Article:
Grace B. Wagner was born on May 1, 1890 to Henry and Nellie Spafford Wagner. The family resided at 1011 N. Main Street in Bloomington, Illinois. Her father owned a business in downtown Bloomington that sold books and stationary. Grace also attended Bloomington schools starting at Franklin School. At an early age it was recognized that Grace had a promising singing voice. With her family’s encouragement, she began to study voice and piano at the Skinner School of Music in Bloomington.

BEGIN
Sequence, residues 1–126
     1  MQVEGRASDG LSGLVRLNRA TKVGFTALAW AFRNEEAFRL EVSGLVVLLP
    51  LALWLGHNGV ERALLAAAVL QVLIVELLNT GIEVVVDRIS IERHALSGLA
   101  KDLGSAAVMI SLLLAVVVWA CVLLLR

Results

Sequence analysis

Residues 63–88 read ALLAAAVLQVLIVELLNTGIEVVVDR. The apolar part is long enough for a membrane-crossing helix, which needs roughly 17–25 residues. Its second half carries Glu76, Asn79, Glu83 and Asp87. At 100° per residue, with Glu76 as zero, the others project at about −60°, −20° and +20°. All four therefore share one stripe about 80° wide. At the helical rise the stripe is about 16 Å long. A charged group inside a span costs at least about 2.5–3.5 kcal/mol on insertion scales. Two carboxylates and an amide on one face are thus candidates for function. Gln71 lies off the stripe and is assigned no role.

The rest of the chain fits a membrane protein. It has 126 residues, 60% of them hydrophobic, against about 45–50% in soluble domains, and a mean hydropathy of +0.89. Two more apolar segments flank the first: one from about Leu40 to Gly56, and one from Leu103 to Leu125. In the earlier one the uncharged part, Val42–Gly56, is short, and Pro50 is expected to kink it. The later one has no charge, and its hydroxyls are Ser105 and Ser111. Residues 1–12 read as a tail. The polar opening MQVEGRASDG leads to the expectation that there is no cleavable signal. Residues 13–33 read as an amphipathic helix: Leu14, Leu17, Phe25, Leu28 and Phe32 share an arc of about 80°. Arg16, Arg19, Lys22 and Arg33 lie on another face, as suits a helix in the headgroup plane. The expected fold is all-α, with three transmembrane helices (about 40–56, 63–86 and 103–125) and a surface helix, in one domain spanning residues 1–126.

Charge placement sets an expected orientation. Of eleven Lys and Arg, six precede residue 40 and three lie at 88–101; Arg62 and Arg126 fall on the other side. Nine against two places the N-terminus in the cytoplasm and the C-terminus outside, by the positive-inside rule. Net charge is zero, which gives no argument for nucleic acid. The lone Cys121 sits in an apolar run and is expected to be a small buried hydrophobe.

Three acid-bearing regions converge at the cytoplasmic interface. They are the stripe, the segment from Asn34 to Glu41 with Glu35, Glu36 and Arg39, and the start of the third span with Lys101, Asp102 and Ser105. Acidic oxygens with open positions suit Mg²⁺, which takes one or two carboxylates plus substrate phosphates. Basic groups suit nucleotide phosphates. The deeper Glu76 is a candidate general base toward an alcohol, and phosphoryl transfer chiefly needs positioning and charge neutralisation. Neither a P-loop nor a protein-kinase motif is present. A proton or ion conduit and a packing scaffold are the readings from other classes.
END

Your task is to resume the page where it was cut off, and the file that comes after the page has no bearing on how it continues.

The Skinner School of Music was founded in 1907 by O.R. Skinner. The school was located on Main Street in the Eddy Building in Downtown Bloomington. The school was founded with the purpose of providing a higher and better standard in music and to offer students thorough, practical training whether or not they intended to adopt music as a profession. The school provided training in music, expression, art and specific training in piano, voice, violin, and other various orchestral instruments. Grace was quoted late in life as saying that she “took up piano because I believed every singer should know that brand of music.” She was an excellent concert pianist and could have made an excellent career as one but she found the allure of opera too hard to resist and wanted to continue with a career in singing.